TR: What are you most excited for people to see in season two?

JT: I think the new characters. I get weirdly attached to them. I get excited about introducing them to the audience. This show is all about characters, that’s kind of the point. There’s not that much else going on.


TR: One of my favorite scenes from the first season was the car singalong to Steps. I’m wondering if we have more musical segments to look forward to.

JT: We just did one in episode one. We put a little one in with mom, dad and Mae in separate cars. I think that’s it. I think that’s all the singalongs there is. Do you think we fucked up? Do you think we should have done more singalongs?

TR: There’s always season three.

JT: Season three, yeah, we’ll just do all Steps all the time.

(Photo Credits: Ben Timony)


  1. UFFDA says

    This looks wonderful. I’d watch it above most things, the problem is there’s too much to watch, read, join, do, go to, try and indulge everywhere.

  2. octobercountry says

    Fantastic show! I’ve watched and re-watched the first six episodes many times, and am so looking forward to the second series.

  3. Adam says

    I heard there were major changes to the second series with new characters and settings. Is that true? I can’t see to find anywhere to read about that.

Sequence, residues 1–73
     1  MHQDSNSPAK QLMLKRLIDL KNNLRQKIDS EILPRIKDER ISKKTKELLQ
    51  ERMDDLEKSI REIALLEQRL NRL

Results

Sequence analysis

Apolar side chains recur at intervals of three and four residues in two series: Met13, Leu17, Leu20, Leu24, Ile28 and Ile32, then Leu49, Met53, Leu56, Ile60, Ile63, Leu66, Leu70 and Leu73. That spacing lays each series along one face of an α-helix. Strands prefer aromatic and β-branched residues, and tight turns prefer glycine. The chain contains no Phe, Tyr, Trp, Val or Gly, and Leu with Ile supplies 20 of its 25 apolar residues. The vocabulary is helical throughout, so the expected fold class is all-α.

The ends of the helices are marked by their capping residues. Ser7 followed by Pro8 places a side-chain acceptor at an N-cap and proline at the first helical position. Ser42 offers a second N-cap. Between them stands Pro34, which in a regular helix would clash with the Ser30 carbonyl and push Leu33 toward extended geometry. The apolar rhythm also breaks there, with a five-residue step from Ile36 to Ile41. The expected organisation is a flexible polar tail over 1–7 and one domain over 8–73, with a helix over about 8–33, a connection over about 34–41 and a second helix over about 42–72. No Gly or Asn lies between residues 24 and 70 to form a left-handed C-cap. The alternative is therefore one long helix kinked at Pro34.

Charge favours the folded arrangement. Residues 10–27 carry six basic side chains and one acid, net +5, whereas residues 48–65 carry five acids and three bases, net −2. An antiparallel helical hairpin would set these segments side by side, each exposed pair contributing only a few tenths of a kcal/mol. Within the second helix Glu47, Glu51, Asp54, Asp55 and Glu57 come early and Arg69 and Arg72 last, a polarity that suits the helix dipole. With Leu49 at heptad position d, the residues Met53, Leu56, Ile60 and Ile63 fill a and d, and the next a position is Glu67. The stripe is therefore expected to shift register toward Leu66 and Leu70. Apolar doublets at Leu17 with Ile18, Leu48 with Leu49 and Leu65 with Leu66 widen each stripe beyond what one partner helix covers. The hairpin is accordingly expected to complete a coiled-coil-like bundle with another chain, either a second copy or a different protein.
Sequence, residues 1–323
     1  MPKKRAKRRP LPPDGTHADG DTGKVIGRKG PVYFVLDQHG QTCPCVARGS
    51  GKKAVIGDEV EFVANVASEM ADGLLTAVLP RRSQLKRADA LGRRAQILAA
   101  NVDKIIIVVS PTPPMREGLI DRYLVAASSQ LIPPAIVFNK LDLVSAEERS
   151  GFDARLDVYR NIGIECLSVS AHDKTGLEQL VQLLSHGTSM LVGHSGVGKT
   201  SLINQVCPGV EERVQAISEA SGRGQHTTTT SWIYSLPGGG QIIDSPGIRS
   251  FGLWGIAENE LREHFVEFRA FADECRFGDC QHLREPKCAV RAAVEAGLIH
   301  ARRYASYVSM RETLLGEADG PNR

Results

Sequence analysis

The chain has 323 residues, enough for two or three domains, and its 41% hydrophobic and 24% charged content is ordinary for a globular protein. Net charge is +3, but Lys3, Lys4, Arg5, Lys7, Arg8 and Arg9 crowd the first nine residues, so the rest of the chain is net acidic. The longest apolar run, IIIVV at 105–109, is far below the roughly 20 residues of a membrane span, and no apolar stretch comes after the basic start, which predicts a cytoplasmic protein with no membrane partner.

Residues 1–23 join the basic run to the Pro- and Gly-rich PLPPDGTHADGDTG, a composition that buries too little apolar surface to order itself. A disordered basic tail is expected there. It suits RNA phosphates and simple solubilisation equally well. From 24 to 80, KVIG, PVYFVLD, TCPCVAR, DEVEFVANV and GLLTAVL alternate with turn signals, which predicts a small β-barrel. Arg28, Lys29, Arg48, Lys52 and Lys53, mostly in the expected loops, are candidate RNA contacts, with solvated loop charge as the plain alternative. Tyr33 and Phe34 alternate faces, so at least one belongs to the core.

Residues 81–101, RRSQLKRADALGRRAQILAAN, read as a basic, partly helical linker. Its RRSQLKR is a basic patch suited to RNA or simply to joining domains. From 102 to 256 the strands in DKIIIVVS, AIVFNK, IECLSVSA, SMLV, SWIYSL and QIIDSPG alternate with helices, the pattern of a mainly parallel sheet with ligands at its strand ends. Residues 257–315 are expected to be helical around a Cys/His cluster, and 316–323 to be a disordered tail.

4. Profe Sancho Panza says

    “… it was just getting a bit ridiculous excluding all plots where Josh took his shirt off. It was quite hard.”

    Is that an Aussie thing due to climate, maybe? I mean, I can think of any number of American sitcoms that go past the 100-episode mark without shirts coming off. Which isn’t necessarily a good thing, but I’ve never heard of that before as a plotting challenge.

  5. Randy says

    “It’s just going to offend some people, but not for any reason”

    So what?

    Last I checked, these people didn’t care a bit about the same-sex couples whose marriages they’ve banned in Australia.

    (That would be in real life, versus just a TV show.)

  6. AnthonyR says

    Just started watching season one online. It’s So Good! Thank You Towleroad for this. Xo’s

  7. OberonOZ says

    @Profe Sancho Panza LOL No, nothing to do with temperature/weather, I think its more to do with the fact that shirts would come off in real life and it seems stupid to avoid it for 100 episodes rather than just go with it.

  8. Sergio says

    “Kissing is whatever. The boys are straight, so I’m always the one having to be like, ‘Is this OK?’”

    It’s a fantastic show, but that’s always been a problem – not enough chemistry with Josh. You can tell they’re straight, and that makes it less enjoyable.